How Copyright Can Play the Role of Trademark's Robin.
Did he really just use a Batman reference while talking about intellectual property protection? Yes…yes, I did. And while this fact may be a sign that my boys’ recent super hero habit is beginning to rub off on me, it nevertheless allows me to introduce an interesting and not often used intellectual property protection strategy.
To begin, let’s be clear, trademark and copyright are two very different types of intellectual property protection. Trademark protects words, logos, names, sounds, colors, smells and other brand identifiers that are used in connection with the sale of goods or services in commerce. The primary purpose of trademark is to help consumers distinguish goods and services made by one business from another.
Copyright has a very different purpose. The purpose of copyright is to promote the progress of the useful arts and sciences by providing the authors and inventors of copyrightable works with a monopoly over the exclusive rights in and to such works. Copyright helps, for example, artists protect their rights in their paintings and sculptures, authors protect their rights in their books and other literary works, and musicians protect their rights in their compositions and sound recordings.
Although trademark and copyright are two very different animals in the world of IP protection, there is an area where the two can and sometimes do meet. Where a trademark owner uses a mark that contains a sufficient amount of copyrightable subject matter, it is possible that the mark can be protected both as a trademark and as a copyrightable work. But what the heck does that mean and why is that important?
In essence, before a work can qualify for copyright protection, it must contain a sufficient amount (at least of modicum) of original, creative copyrightable material. The exact amount of material that a work must contain is not entirely clear; you just kind of know it when you see it. So, if a mark consists of one very simple, mono-colored image, it likely cannot also be protected by copyright. However, if the mark contains several different and multi-colored design elements, for example, it may very well be copyrightable.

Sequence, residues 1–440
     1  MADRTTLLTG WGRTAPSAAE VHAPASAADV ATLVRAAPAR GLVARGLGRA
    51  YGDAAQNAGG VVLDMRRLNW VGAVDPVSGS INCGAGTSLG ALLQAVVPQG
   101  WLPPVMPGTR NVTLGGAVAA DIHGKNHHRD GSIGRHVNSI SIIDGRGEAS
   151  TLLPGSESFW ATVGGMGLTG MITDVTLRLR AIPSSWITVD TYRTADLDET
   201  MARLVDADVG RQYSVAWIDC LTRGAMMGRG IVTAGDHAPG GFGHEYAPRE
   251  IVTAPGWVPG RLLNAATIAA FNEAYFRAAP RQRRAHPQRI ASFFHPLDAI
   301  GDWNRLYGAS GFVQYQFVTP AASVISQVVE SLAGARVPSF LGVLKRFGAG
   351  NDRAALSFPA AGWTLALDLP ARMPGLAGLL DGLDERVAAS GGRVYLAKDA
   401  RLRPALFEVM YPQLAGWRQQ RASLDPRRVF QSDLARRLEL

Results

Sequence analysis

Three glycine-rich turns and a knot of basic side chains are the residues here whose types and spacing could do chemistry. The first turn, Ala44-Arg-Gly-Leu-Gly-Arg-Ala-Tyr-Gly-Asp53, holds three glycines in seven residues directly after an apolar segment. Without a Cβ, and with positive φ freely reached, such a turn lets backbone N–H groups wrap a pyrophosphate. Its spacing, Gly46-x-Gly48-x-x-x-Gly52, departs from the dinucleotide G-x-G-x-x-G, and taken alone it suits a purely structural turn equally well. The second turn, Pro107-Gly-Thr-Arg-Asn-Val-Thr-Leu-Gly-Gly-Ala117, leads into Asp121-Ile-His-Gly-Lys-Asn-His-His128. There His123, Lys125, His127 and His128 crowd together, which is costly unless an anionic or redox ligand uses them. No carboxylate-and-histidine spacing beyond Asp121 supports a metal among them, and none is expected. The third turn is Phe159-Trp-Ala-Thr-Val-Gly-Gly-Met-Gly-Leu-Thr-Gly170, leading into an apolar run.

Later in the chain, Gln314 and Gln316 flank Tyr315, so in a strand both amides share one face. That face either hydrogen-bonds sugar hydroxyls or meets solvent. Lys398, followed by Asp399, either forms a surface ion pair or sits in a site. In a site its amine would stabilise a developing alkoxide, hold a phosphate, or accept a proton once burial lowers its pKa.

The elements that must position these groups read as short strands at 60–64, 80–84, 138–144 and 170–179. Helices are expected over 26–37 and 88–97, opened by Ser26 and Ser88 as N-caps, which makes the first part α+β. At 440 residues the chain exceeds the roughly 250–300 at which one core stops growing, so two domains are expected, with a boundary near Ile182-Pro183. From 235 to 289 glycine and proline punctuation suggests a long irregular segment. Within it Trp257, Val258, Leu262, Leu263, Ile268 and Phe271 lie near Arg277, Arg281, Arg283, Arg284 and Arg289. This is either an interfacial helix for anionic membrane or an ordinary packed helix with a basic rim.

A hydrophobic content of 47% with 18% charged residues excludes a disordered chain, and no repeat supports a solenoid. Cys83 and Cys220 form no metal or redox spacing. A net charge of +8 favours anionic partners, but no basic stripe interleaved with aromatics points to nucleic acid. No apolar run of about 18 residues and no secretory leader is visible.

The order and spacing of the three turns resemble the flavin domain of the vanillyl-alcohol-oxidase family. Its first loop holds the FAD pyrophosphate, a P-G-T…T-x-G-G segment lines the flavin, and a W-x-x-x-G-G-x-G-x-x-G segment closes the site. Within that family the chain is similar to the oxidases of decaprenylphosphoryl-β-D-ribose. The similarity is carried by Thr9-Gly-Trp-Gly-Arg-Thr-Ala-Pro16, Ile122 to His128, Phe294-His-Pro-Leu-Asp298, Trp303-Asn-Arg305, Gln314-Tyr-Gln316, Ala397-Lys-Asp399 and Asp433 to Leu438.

Likely not copyrightable More likely to be copyrightable
Now to the second question, so what? The importance of this point becomes clear when you understand that trademark protection can have its limitations. For example, even with a federal trademark registration, one’s protection in that mark is, at best, nation-wide, but does not extend internationally unless additional international registrations are made. This can put an owner of a successful mark in one country in a difficult position if a potential infringer in another country wishes to use the mark or capitalize off of the success of the mark.
This scenario actually occurs relatively frequently in China, for example. Unlike the United States trademark system, which is a first to use system, China employs a first to register system. Thus, an individual or company can select a mark for a successful product in the United States and if the mark owner has not yet registered the mark in China, the individual or business in China can be the first to register the mark in China and then squat on the rights or use the mark to even sell similar goods in China. As you might imagine, this can cause significant harm to the legitimate trademark owner in a variety of ways.
Additionally, trademark protection only protects the use of a certain mark in connection with similar goods or services. In other words, the mark “Hank”, for example, could be used by two different businesses, provided that the parties use the mark in connection with unrelated goods or services. Thus, it is possible that after spending a great deal of time and money designing a sophisticated and eye-catching mark, another business could use a similar design in connection with dissimilar goods or services and the mark owner would not be able to protect the use of the design in that situation.
Copyright protection can help bolster the protection of the mark owner’s rights in its trademark in both of these scenarios. In the first instance, unlike trademark protection, copyright protection extends to many foreign jurisdictions by virtue of international treaties and conventions, like the Berne Convention. So, for example, if an infringer were to use a mark which was also copyright protected in a foreign territory, often, the mark owner can pursue a claim of copyright infringement against the infringer to stop such infringement, where it would have otherwise had no means of protection.
In the second scenario, the mark owner could also likely stop the use of the substantially similar or identical design by another business in the marketplace, even if such design was not being used in connection with similar goods or services, again, employing a claim under copyright law. This, again, serves to greatly bolster the protection of the mark owner’s rights in its uniquely creative mark.
Given the relatively low cost of copyright protection, the value of this strategy cannot be overstated. However, the point must be made that unlike in the world of trademark where even without a formal registration, mark owners enjoy some common law protection over their rights, copyright holders do not have the ability to fully enforce their rights in their copyrightable works unless a registration is obtained for such works. Thus, if you wish to be able to fully enforce your rights to protect your mark as a copyrightable work as well, a copyright registration will be necessary.
In conclusion, if you own a mark which has a sufficiently complex design, you may want
to consider calling in IP’s version of Robin, which goes by the name of “Copyright”, to help you keep the landscape of your intellectual property portfolio safe from those pesky, lurking intellectual property villains in the world.